Like with many thing, I only became aware of the joys of Serbian Christmas (explainer of what that means, and why it is on Jan 7 here), when I could no longer enjoy them.
The day when it happened was 6 Jan 2008, at Heathrow, and during the train trip to the outskirts of Coventry, UK where I was going for my second term at Warwick. Although I loved my university, I still remember that empty, defeated feeling of having to spend Christmas without your family, alone, unfestively hauling bags from one place to another.
It was that awful, that I now wonder why I did not use the flexibility of student life to come back a few days later. It was probably because, having grown up in a very secular family where work ad travel trumped things like birthdays, anniversaries and holidays, I did not even register it as something that could matter to me a lot.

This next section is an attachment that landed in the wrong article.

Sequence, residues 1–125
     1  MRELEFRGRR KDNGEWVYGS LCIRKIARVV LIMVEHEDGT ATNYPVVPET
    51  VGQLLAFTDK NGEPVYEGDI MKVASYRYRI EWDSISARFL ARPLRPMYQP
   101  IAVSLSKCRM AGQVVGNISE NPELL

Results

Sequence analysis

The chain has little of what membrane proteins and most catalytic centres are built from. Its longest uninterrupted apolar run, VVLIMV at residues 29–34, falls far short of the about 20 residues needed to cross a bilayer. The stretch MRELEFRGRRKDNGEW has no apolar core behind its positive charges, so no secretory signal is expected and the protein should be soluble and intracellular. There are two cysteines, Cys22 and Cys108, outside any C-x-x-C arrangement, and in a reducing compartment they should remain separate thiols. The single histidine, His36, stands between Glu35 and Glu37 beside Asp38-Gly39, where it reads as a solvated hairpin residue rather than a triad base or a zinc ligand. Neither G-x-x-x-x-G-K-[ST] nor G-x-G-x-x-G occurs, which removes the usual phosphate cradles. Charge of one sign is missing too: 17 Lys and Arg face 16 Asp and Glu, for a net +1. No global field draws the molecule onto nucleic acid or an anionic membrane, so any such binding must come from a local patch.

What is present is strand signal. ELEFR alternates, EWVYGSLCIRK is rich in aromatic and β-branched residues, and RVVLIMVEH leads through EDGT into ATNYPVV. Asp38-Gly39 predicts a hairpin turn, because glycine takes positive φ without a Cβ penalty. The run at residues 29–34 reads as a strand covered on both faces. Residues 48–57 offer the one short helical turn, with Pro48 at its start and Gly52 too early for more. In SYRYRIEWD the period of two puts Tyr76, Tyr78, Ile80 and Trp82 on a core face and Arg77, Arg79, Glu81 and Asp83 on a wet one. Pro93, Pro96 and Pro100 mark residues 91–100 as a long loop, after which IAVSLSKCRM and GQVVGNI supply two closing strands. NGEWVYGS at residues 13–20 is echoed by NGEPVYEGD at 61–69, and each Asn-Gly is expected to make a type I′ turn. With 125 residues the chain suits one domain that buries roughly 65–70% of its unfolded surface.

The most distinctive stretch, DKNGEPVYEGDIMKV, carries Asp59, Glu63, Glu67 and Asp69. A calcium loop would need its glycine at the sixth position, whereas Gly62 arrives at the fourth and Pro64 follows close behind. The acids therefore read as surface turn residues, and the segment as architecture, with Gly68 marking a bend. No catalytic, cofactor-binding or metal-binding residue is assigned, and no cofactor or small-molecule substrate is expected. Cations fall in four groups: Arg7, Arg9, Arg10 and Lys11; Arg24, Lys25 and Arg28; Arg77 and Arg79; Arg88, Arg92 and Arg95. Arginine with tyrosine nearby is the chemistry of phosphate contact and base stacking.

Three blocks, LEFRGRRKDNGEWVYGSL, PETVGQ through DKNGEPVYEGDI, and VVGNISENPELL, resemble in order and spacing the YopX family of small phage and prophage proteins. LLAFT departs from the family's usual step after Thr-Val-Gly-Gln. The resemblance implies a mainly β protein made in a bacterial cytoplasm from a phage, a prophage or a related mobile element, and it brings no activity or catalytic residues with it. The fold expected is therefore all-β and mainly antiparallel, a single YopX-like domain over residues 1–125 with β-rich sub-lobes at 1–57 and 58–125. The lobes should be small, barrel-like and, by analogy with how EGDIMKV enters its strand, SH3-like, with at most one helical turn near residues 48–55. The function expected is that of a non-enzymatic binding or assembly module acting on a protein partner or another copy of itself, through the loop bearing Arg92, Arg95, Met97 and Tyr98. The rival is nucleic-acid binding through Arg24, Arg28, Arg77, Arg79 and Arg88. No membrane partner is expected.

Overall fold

For me, that starts with going to the burning of the Badnjak in front of St Sava Temple in Vracar with my friends on Christmas eve, and getting tipsy on mulled wine and rakija after (and occasionally before) the midnight liturgy. On Christmas morning I try to write and exercise to ensure writerly success and fitness in the coming year, and then head to my parents place for the traditional feast. Once there, after exchanging gifts, we collectively try to navigate all touchy subjects, before plunging into a pre-feast shouting match. Then I burn incense and recite the only prayer I know to give the air of religion. After that, we burn the badnjak on our small terrace: every year, I try to make the flame more power but my mother panics and douses it with water just as soon I realise that I do not know how to control it properly. During the meal, as we break cesnica, the ceremonial bread (or in our case pie), I try to fool my mother so she or my dad get the “prize” of an old coin, instead of me; I do that in equal measure to ensure their good luck in the coming year, but also to show to them that I am no longer a child who does not realise that the system is rigged.